Which solution did I use previously and why did I switch?

We had a previous iteration of Citrix Virtual Apps and Desktops, which was a XenDesktop farm. We have just continued to grow with Citrix over the years as Citrix evolved. 

We have tried VPN solutions and Microsoft Remote Desktop, but none have provided the agility, robustness, and stability that we have needed to give our end users when it comes to doing their core functions.

In terms of security, VPN definitely raises some eyebrows. You have endpoints out in the wild at people's homes and cafes utilizing a VPN connection that is a full tunnel into our data center. So, if that device becomes compromised, our data center can rightly become compromised. That was a huge concern for us. That is what Citrix Virtual Apps and Desktops provide for us: the segregation between our corporate data and the endpoint device. 

Remote Desktop uses RD Protocols, which are not nearly as mature as the protocols that Citrix uses. What we are seeing are stability issues, particularly during high latency and connections. We see jittering when it comes to videos. We just don't have that robustness when it comes to the connectivity that we do with Citrix Virtual Apps and Desktops. So, in my experience with other organizations as well, Citrix Virtual Apps and Desktops is just a really mature product that has been evolved over many years and continues to evolve. Citrix tends to always go back to those core capabilities, which have been super key for organizations like mine to be able to do as well as we can in such a distributed workforce.

How was the initial setup?

The initial setup is completely straightforward. We are in a Citrix Cloud environment, and that means that Citrix manages the entire bulk of the infrastructure components of our Citrix Virtual Apps and Desktops farm. On-prem, what my folks really need to manage, are those high level things within the service of Citrix Cloud, like which apps get installed on which desktops and how we deploy absent servers. This is pretty high level stuff. There are just some servers that act as connectors to Citrix Virtual Apps and Desktop service, which are on-prem and in our Azure tenant that just allow that connectivity to Citrix Cloud. There is no maintenance whatsoever; they're evergreen. They get updated all the time. We basically set it and forget it when it comes to the Citrix connectors.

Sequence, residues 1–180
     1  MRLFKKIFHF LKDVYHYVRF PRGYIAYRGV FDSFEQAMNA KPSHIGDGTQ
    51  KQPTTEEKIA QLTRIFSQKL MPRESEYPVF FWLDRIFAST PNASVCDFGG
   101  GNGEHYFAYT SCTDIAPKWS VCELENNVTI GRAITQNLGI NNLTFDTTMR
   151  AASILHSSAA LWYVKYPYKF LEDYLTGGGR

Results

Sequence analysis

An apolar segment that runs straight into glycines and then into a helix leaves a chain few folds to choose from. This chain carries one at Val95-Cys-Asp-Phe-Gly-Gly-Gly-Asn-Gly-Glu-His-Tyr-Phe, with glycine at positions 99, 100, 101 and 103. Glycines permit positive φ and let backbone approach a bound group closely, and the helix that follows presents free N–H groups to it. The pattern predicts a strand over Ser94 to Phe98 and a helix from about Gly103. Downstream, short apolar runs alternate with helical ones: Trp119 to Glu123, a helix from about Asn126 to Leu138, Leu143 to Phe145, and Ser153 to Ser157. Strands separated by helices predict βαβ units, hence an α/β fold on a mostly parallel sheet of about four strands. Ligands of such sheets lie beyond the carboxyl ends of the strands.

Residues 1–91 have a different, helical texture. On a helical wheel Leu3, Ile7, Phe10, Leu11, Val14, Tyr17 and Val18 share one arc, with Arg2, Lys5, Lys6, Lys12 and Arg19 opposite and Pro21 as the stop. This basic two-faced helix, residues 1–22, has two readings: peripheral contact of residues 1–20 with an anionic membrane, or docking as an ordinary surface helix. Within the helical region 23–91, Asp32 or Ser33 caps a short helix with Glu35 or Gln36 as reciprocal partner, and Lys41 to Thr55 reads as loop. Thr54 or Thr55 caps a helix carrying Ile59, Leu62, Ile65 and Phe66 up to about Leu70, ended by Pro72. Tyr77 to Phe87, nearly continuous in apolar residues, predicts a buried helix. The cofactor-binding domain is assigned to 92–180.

Because Citrix Cloud supports any kind of operating system out there, all we really need is an agent running on each of the endpoints, then that's it. We run the agent and make sure it is kept up-to-date. On the endpoints, we make sure that the agents are connecting to our Cloud Connectors. Then, Citrix basically does makes sure that infrastructure is up, running, and available.

For the deployment, not much staff at all was required. I was the main technical lead when it came to the deployment. Citrix Consulting services just needed some inputs that were pretty specific to the organization itself. Those types of inputs included what the environment looks like, service accounts, etc. That low down deep technical stuff is really specific to each organization. 

Citrix Consulting services did everything else. They did the solution design and the implementation itself. They did the additional training with additional individuals, so it was an easy implementation from my organization's perspective. There was not much overhead at all. That's why we go to Citrix time and time again for these implementations.